Kevin Kernan is down in Port St. Luice and he caught up with early spring training arrival David Wright. Wright opined about the Wilpon-Madoff mess:
“I’ve become very close with the Wilpon family over the years. They’ve done a lot for me. And I feel for them, just having to go through this. I called Jeff a few days ago just to let him know that I was thinking about him and if he needed anything from me, I’m there for him.”
Wilpon then asked David Wright for $300 million.
OK, maybe not. Wright went on:
“Getting down here and playing baseball you don’t have to listen to every day what’s going on in that situation. It’s almost like once you walk across these lines; it’s almost like a sanctuary. That’s one of the best things for me to get back out on the baseball field. You don’t have to think about everything.’’
The turmoil of a club’s business doesn’t impact the fans as directly as it does the members of a team, but it does affect us. And of course, most of us have stress and uncertainty of one form or another in our own lives. Spring training and baseball serves as a sanctuary for us too.
We’re a little over two weeks until actual spring training games start. The beauty of the electronic age allows us to watch a lot of them or, at the very least, follow them live in one way or another. When they do — or even when the mitts start popping next week — the world will be a better place.
It was assumed already, but Mike Scioscia made it official during Monday’s press conference for new general manager Billy Eppler that he will return as Angels manager in 2016.
Scioscia, the longest-tenured manager in the majors, has been at the helm with the Angels since 2000. There was a clause in his contract which allowed him to opt out after the 2015 season, but he has decided to stay put. He still has three years and $15 million on his contract, which runs through 2018.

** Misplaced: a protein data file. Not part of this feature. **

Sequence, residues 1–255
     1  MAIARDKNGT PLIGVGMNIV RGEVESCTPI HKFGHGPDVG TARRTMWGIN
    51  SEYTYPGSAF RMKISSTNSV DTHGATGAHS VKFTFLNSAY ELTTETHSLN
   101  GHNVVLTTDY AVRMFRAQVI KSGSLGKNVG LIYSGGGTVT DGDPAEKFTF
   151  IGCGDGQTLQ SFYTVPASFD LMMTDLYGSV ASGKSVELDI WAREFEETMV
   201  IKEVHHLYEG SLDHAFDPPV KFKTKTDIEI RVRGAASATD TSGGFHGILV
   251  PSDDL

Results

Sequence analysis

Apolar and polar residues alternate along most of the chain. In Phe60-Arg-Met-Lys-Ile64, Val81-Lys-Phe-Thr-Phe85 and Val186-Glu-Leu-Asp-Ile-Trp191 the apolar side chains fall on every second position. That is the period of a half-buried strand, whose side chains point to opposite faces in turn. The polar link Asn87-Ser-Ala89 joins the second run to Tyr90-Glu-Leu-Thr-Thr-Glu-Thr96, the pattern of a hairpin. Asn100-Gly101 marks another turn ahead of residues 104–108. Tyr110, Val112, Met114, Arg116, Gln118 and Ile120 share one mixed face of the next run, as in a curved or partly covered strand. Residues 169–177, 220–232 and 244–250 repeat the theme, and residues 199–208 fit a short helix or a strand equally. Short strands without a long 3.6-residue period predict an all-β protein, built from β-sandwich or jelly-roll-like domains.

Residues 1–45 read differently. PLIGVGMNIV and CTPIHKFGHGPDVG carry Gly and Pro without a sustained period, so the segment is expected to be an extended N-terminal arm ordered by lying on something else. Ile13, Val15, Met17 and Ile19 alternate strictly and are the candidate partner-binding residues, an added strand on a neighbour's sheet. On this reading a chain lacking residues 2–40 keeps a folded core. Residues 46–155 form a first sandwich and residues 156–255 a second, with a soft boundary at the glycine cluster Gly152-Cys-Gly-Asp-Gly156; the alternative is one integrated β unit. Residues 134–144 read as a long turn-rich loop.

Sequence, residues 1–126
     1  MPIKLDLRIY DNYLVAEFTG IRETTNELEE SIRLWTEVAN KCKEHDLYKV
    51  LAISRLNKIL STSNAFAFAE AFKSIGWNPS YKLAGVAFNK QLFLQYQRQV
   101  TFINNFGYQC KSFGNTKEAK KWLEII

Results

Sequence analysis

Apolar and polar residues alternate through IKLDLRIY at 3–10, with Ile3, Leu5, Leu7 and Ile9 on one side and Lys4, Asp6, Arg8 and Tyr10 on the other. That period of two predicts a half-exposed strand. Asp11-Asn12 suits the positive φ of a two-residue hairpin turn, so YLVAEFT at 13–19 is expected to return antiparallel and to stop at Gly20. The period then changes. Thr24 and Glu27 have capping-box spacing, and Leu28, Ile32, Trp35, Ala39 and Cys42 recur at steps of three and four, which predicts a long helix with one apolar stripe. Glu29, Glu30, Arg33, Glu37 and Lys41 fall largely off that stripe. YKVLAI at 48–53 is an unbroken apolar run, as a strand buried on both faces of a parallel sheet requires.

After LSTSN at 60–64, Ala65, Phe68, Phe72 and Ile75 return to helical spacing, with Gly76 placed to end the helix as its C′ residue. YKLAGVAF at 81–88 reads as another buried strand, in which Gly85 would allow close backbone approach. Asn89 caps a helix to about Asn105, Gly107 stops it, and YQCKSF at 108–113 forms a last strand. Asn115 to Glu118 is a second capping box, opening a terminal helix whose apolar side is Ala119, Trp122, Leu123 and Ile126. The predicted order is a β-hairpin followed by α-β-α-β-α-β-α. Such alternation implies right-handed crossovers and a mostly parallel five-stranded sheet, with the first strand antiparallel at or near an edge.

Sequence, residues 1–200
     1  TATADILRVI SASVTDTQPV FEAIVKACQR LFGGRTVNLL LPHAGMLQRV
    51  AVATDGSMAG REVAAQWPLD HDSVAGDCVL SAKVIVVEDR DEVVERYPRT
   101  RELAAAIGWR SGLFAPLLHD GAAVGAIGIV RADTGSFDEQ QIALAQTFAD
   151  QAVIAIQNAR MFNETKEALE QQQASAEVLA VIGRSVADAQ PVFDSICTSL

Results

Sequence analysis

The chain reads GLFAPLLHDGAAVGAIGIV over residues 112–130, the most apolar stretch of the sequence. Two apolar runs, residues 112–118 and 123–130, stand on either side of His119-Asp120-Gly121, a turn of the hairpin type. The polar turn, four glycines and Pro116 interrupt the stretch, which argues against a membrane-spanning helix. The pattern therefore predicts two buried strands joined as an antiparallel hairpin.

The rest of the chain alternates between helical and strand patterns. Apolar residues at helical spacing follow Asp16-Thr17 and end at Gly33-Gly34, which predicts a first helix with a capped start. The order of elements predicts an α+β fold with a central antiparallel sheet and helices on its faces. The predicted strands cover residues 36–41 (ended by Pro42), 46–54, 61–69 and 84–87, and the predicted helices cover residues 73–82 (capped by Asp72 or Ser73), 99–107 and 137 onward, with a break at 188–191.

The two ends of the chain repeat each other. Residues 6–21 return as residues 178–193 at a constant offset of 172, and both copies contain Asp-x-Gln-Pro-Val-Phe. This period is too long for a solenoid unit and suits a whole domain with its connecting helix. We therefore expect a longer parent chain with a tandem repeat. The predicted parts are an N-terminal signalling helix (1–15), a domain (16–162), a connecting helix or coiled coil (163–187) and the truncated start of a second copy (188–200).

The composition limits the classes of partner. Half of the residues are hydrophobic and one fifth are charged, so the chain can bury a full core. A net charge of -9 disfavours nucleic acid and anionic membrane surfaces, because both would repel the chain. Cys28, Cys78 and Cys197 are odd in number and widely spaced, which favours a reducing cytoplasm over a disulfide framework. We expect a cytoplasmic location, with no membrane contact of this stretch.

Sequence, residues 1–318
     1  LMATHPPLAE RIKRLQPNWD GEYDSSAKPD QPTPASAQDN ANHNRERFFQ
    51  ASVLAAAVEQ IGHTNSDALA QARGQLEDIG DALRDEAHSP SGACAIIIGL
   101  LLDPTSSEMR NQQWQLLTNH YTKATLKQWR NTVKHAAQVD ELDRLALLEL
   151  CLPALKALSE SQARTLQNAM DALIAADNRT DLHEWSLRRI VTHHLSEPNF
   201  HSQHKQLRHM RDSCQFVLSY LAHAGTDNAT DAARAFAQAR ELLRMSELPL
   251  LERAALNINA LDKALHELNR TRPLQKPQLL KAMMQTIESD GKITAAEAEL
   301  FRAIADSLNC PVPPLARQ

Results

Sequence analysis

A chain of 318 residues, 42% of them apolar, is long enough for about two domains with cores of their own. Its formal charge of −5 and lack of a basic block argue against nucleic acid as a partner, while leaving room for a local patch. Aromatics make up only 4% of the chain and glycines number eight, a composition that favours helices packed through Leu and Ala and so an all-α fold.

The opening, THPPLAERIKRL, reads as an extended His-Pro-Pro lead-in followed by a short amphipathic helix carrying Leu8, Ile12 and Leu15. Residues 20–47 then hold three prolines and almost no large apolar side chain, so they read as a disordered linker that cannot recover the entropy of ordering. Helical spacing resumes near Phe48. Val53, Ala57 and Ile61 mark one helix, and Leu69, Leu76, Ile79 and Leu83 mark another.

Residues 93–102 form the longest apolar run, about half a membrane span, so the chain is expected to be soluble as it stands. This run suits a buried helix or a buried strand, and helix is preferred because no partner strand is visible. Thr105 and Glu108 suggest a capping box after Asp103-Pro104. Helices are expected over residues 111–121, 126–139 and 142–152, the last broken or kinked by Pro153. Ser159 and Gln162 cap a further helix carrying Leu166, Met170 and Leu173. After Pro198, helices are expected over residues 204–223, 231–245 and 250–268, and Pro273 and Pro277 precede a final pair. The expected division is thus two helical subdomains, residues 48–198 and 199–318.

Jerry Dipoto resigned as Angels general manager in July amid tension with Scioscia, so there were naturally questions today about what to expect with first-time GM Eppler in the fold. According to David Adler of MLB.com, Scioscia isn’t concerned.
“I think we’re going to mesh very well,” Scioscia said. “If we adjust, or maybe he adjusts to some of the things, there’s going to be collaboration that’s going to make us better.”
Eppler is the fourth general manager during Scioscia’s tenure with the team.
After winning the AL West last season, the Angels finished 85-77 this season and narrowly missed the playoffs. The team hasn’t won a postseason game since 2009.
Astros center fielder Carlos Gomez sat out the final series of the regular season in order to rest a strained left intercostal muscle, but there was good news coming out of a workout today in advance of Tuesday’s Wild Card game vs. the Yankees.
This has been a lingering issue for Gomez, who missed 13 straight games with the injury last month. He aggravated the strain on a throw to home plate last Wednesday and was forced to sit while the Astros fought to keep their season alive. Astros manager A.J. Hinch told reporters last week that Gomez’s injury would typically take 45-50 days to recover from, so it’s fair to wonder how productive he can be during the postseason.
Gomez mostly struggled after coming over from the Brewers at the trade deadline, batting .242 with four home runs and a .670 OPS over 41 games.